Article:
Hydrocodone is one of the most prescribed and most abused opioids in the United States. The American Society of Addiction Medicine called hydrocodone, “America’s favorite opioid,” and with good reason: in 2011, the U.N. International Narcotic Control Board reported that in 2010 the global production of hydrocodone was 36.3 tons, of which more than 99% was consumed by Americans.
People ready to stop their hydrocodone use must first pass through hydrocodone withdrawal as their body undergoes hydrocodone detox (detoxification). Understanding how hydrocodone withdrawal and detox works can benefit people taking their first step toward long-term sobriety during this crucial process.
Hydrocodone Withdrawal Symptoms
Hydrocodone withdrawal symptoms are similar to withdrawal from other opioids. The symptom duration and severity depend on individual factors, such as:
- The duration of hydrocodone use
- The amount of hydrocodone used
- Other drug use
- Presence of a co-occurring mental health disorder
- Genetic and biological make up
- General health
- Liver and kidney health
- If detox was attempted previously
- If the withdrawal process is medically assisted
Withdrawal symptoms involve physical and psychological aspects, including:
- Nausea and vomiting
- Hot and cold flashes
- Excessive sweating
- Muscle aches
- High blood pressure
- Intense cravings
Hydrocodone Withdrawal Timeline
How long does hydrocodone withdrawal last? Because of the individual factors mentioned, it is difficult to predict the duration of withdrawal. However, hydrocodone withdrawal generally follows a typical timeline.
Hydrocodone has an elimination half-life of four to six hours. The half-life of a drug is the time it takes the body to metabolize and excrete one-half of that drug. Withdrawal symptoms usually develop after one half-life — so about four to six hours after the previous use, in the case of hydrocodone.
Some people metabolize hydrocodone particularly slowly (for genetic reasons), so the onset and duration of withdrawal symptoms may take longer for them.
Acute withdrawal symptoms are the symptoms that occur in the period immediately following the discontinuation or reduction of drug use. Acute withdrawal symptoms typically last 4 to 10 days in most individuals.
Some people may develop symptoms that last beyond the acute withdrawal phase. These symptoms are known as protracted withdrawal symptoms and they may last for weeks or months.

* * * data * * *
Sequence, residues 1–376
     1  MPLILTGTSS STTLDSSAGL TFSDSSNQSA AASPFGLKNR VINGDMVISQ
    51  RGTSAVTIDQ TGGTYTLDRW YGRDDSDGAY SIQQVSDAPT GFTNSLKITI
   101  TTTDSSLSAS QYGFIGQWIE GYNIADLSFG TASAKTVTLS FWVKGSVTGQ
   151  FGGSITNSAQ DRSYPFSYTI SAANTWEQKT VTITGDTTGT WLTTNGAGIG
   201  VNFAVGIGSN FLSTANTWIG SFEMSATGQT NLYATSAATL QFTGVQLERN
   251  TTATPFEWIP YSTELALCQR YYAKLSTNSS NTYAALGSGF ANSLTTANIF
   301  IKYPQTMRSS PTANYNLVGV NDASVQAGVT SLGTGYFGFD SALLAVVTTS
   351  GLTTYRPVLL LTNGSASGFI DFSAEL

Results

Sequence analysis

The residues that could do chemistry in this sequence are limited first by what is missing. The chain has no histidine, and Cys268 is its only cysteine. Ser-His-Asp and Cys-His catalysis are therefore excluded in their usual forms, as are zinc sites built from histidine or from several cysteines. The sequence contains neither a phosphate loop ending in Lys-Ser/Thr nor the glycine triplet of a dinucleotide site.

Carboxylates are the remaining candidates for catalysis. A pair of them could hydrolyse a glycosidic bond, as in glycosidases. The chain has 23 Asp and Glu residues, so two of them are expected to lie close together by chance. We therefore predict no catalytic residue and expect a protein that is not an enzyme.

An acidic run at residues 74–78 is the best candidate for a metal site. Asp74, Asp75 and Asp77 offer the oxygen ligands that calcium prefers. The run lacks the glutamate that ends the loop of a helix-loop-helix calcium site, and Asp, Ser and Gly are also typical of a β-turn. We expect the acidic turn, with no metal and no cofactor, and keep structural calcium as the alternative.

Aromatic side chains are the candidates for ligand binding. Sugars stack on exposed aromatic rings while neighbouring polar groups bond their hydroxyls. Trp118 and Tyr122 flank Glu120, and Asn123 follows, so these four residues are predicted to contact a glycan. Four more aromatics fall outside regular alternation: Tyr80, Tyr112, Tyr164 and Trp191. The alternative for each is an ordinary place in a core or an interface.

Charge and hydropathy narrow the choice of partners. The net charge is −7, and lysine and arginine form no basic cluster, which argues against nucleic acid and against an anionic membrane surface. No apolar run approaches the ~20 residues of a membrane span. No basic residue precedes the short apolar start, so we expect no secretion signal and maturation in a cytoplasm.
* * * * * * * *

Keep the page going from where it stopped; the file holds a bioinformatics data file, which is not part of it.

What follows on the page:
Hydrocodone is a psychoactive drug, meaning that it changes the brain’s chemistry and disrupts its normal functioning. The brain tries to compensate for the drug’s disruptive effects, making adjustments and attempting to function normally despite the drug’s presence.
When the drug use stops or drastically reduces, the brain must adjust. If the brain is forced to do so abruptly (i.e., without a taper) this causes withdrawal symptoms.
The process of hydrocodone detox can be an uncomfortable experience. Fortunately, this process can be medically assisted to minimize the impact on the brain and body to reduce or eliminate the discomfort.
How long does it take to detox from hydrocodone? As mentioned, the process depends upon individual factors, but generally, it takes six to seven half-lives for the drug to be completely detoxified from the body. However, the withdrawal symptoms can continue well beyond that range.
Detoxing At Home
When making the decision to attempt hydrocodone detox at home, individuals should do so in conjunction with their physician or an addiction professional and should be clear about the extent of their drug use. People attempting at-home detox should also involve loved ones in the process and ensure they’re aware of signs indicative of a medical emergency.
People tend to overestimate their ability to stop their drug use on their own, even if they failed attempts to do so in the past. Detoxing from hydrocodone at home may not provide the best opportunity for success, as the hydrocodone cravings may be overwhelming.
At the minimum, people who plan to detox at home should have certain supporting factors in place:
- Consultation with and agreement from their doctor
- A short period of drug use at lower doses
- A stable and supportive home environment
- Not be living alone and the people at home should be aware of the detox situation
- They should be highly motivated to recover